How has working in dermatology impacted your life, and what moment in your career are you most proud of?
I love being a dermatologist and feel extremely privileged to do what I love. Being a dermatologist has put me in a position to better advocate and educate people of color about their dermatologic health — not just in the United States, but internationally as well. It’s allowed me to better advocate for representation of people of color when it comes to diversity in the skin-care and beauty industry through my platform @brownskinderm. I am most proud of the everyday impact I make in the lives of my patients, especially teenagers whose self-esteem I can improve by helping them feel better about their skin.
What’s your current skin-care routine?
For my morning cleanser, I use the Cerave Renewing SA Cleanser, which strips away excess oil and dirt without further drying my skin. I have acne-prone skin so the salicylic acid in this cleanser also helps. I love to follow that with a hydrating serum, like the Vichy Mineral 89 Hyaluronic Acid Serum or La Roche Posay Hyalu B5 Serum, another one of my favorite hydrating serums. Then I follow up with a hydrating cream from Good Science Beauty. Finally, UV radiation affects all skin types, including skin of color which can worsen hyperpigmentation. It’s very essential to use sunscreen if you’re prone to hyperpigmentation, like me. For this, I like TiZo Photoceutical AM Replenish Tinted Sunscreen with SPF 40. It's lightweight and non-greasy. At night, I usually exfoliate one to two times a week with the Biopelle 10% glycolic Acid Cleanser to slough off dull dead skin and stimulate skin turnover for more radiant, smoother skin. This also allows better absorption of other products in my skin-care routine. In the evening, I repeat every step in my morning routine except for sunscreen and add a prescription retinoid for its antiaging, anti-acne and anti-hyperpigmentation benefits.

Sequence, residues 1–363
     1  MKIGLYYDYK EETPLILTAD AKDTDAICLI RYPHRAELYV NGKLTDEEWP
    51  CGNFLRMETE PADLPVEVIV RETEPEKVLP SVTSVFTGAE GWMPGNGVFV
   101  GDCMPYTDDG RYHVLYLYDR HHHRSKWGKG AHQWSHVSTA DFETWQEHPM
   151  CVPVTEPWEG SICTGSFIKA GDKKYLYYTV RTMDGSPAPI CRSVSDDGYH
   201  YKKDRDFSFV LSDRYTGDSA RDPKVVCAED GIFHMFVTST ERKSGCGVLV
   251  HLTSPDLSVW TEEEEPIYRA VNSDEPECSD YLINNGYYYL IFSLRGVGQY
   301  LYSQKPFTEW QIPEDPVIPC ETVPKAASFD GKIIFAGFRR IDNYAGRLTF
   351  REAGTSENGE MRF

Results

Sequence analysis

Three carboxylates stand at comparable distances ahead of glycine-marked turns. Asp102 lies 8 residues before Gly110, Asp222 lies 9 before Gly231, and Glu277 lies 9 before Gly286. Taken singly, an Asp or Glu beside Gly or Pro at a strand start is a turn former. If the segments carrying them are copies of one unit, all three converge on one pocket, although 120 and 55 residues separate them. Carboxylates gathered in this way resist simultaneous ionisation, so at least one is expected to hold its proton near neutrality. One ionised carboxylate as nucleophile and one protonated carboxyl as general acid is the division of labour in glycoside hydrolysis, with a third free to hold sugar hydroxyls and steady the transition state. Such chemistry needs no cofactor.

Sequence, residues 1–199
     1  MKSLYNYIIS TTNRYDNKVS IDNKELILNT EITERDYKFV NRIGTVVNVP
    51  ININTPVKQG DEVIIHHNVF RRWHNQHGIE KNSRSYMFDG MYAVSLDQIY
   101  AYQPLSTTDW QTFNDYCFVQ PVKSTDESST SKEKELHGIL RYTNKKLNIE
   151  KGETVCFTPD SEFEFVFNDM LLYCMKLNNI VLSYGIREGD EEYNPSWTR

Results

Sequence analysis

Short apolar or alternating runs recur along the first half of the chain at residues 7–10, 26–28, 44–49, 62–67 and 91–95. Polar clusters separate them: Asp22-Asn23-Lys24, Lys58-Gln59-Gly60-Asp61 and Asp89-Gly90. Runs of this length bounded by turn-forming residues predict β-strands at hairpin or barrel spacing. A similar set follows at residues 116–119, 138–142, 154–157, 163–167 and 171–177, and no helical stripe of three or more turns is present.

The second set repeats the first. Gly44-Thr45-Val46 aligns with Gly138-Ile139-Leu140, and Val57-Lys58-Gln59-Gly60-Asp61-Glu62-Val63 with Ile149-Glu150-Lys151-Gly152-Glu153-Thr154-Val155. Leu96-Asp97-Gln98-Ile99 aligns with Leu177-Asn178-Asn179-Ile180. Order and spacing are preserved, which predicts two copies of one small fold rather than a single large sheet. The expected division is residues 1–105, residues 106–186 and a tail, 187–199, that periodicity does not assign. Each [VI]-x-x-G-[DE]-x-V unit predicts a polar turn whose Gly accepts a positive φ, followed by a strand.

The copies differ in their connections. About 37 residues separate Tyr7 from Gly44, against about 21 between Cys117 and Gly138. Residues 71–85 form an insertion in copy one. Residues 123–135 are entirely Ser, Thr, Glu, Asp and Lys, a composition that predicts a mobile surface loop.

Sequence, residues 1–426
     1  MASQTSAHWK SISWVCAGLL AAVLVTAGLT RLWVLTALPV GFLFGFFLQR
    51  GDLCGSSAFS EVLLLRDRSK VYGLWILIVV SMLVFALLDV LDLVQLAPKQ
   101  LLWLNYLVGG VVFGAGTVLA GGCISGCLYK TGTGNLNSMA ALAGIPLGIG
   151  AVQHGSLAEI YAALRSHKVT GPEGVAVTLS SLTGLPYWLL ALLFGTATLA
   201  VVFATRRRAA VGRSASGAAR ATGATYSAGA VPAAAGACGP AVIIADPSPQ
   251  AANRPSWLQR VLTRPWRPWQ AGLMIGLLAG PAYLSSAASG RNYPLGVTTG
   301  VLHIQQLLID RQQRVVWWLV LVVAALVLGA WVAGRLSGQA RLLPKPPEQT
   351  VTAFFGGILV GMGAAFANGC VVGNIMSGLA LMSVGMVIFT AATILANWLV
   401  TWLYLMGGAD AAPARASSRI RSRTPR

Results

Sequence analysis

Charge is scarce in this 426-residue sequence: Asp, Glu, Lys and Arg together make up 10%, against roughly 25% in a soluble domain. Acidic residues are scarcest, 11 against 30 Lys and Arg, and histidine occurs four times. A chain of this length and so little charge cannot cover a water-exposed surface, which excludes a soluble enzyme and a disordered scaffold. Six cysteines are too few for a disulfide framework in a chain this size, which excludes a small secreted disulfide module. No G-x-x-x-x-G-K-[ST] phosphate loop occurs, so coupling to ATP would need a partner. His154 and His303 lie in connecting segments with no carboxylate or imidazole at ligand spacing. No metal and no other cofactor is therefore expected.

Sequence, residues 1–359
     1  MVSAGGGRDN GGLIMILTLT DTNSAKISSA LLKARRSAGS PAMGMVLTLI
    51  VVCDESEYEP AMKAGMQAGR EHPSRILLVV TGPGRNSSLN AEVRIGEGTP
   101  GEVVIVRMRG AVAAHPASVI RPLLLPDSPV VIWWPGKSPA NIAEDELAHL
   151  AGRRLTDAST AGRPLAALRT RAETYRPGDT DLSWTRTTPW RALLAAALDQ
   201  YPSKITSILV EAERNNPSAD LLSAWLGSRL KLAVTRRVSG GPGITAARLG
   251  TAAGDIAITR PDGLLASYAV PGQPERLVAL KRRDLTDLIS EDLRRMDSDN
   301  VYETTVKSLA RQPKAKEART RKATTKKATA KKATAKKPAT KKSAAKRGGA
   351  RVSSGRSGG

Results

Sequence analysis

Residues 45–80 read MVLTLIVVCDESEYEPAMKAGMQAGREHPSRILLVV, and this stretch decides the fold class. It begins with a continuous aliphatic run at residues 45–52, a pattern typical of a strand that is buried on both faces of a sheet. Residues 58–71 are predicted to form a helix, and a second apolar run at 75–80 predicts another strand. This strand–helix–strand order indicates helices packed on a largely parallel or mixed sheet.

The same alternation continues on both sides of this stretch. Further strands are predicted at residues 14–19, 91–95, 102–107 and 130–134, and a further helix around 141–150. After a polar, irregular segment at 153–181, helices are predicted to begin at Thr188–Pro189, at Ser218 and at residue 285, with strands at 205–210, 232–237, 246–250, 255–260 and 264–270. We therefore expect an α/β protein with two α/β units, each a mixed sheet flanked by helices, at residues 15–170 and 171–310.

What does beauty mean to you?
Beauty to me means being comfortable in your skin and in control of those things that make you feel worthy, unapologetically happy and content about yourself.
What are the top three skin-care tips you swear by?
First one is regular exfoliation, two to three times a week with chemical exfoliants to promote skin turnover that slows down as we age. Second one is regular use of sunscreen, preferably a mineral sunscreen to prevent UV induced skin damage. And finally, regular nightly use of topical retinoids to stimulate production of collagen, promote skin renewal and treat and prevent hyperpigmentation.
What do you hope to see in the skin-care industry in terms of diversity, representation and inclusion?
I hope that it would continue to evolve to be representative and accessible to people of color who have traditionally been left out when it comes to dermatologic health education, marketing, product formulation and imagery that celebrates and affirms their skin and features as beautiful.
Photo Courtesy of: Dr. Adeline Kikam